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Tomorrow Is the Question

New Directions in Experimental Music Studies

Benjamin Piekut

Publication Year: 2014

In recent decades, experimental music has flourished outside of European and American concert halls. The principles of indeterminacy, improvisation, nonmusical sound, and noise, pioneered in concert and on paper by the likes of Henry Cowell, John Cage, and Ornette Coleman, can now be found in all kinds of new places: activist films, rock recordings, and public radio broadcasts, not to mention in avant-garde movements around the world.The contributors to Tomorrow Is the Question explore these previously unexamined corners of experimental music history, considering topics such as Sonic Youth, Julius Eastman, the Downtown New York pop avant-garde of the 1970s, Fluxus composer Benjamin Patterson, Tokyo’s Music group (aka Group Ongaku), the Balinese avant-garde, the Leicester school of British experimentalists, Cuba’s Grupo de Experimentación Sonora del ICAIC, Pauline Oliveros’s score for the feminist documentary Maquilapolis, NPR’s 1980s RadioVisions, and the philosophy of experimental musical aesthetics.Taken together, this menagerie of people, places, and things makes up an actually existing experimentalism that is always partial, compromised, and invented in its local and particular formations—in other words, these individual cases suggest that experimentalism has been a far more variegated set of practices and discourses than previously recognized. Asking new questions leads to researching new materials, new individuals, and new contexts and, eventually, to the new critical paradigms that are necessary to interpret these materials. Gathering contributions from historical musicology, enthnomusicology, history, philosophy, and cultural studies, Tomorrow Is the Question generates future research directions in experimental music studies by way of a productive inquiry that sustains and elaborates critical conversations.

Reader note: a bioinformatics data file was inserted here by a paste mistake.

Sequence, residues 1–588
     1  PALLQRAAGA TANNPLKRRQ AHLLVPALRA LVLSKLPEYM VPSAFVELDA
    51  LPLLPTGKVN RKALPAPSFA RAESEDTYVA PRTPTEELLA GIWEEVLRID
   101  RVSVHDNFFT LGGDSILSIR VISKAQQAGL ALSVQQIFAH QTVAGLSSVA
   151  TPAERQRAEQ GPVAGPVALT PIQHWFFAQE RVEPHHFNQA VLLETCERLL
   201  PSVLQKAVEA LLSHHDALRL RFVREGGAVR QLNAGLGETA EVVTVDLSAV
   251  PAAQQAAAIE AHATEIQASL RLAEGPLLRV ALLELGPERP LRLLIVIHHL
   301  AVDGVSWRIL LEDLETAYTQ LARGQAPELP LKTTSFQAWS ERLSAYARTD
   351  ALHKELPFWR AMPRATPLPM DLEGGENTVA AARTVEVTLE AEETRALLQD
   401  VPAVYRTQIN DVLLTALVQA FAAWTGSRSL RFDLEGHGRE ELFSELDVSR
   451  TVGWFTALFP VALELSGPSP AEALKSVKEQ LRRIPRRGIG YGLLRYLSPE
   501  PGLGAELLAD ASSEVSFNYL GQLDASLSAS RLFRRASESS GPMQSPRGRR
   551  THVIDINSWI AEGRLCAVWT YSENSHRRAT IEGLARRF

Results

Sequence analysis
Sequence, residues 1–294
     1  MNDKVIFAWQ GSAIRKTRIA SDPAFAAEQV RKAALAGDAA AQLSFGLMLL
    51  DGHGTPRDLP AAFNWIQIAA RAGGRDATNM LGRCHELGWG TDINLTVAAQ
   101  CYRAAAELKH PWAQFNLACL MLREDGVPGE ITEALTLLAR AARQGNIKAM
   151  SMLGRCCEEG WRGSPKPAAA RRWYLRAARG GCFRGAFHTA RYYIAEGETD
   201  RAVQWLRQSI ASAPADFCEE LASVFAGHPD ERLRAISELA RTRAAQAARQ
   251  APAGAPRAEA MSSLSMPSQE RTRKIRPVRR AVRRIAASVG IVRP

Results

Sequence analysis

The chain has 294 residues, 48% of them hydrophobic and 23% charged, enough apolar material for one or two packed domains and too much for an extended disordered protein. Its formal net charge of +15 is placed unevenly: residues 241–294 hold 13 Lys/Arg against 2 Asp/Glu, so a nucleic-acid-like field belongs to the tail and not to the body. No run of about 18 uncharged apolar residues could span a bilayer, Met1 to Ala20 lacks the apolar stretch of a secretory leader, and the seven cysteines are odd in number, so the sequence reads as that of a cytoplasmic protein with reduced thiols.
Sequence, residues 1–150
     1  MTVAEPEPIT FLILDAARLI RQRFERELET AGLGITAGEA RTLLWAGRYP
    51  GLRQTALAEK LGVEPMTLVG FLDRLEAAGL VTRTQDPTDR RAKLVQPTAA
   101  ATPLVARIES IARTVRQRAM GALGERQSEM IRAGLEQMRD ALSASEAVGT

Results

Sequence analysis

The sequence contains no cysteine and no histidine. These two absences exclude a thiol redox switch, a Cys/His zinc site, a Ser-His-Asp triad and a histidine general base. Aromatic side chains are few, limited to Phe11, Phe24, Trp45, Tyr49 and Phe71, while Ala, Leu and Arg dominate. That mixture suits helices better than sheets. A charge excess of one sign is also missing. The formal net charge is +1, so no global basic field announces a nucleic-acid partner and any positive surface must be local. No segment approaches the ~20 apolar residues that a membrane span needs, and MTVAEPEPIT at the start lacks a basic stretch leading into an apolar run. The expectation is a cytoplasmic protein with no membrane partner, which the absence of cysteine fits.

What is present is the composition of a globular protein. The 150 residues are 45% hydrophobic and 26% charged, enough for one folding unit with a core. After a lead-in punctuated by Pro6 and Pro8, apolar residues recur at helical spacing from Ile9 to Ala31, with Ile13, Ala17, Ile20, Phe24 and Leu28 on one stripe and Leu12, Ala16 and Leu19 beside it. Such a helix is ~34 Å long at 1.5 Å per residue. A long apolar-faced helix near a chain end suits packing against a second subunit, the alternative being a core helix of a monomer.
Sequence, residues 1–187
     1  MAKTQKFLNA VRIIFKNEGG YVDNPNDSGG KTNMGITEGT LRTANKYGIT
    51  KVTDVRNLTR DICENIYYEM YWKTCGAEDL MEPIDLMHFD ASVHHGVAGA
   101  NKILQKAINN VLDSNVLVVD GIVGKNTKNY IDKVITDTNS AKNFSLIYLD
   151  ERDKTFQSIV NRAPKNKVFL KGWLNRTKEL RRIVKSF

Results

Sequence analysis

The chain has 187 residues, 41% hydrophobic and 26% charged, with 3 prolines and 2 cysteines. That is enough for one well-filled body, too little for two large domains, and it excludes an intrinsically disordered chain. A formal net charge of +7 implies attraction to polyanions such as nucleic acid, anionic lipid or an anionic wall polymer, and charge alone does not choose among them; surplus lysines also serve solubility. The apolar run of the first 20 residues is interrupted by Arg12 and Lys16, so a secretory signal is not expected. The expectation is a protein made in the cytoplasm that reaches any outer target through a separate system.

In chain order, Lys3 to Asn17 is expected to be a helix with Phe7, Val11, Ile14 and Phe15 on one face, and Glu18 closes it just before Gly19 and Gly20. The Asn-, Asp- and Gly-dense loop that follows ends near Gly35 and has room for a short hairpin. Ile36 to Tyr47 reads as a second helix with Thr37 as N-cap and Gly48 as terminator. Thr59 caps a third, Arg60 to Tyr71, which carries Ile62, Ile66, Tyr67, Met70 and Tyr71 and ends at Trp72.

Published by: University of Michigan Press


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Title Page, Copyright Page

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pp. i-iv


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pp. v-vi

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Introduction: New Questions for Experimental Music

Benjamin Piekut

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pp. 1-14

...most often, the manner in which the question is framed reveals that the answer is already known, or at least assumed: “Experimentalism is the thing that all these experimental composers do.” Indeed, definitions of experimentalism usually begin...

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1. Goodbye 20th Century! : Sonic Youth Records John Cage’s “Number Pieces”

Elizabeth Ann Lindau

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pp. 15-38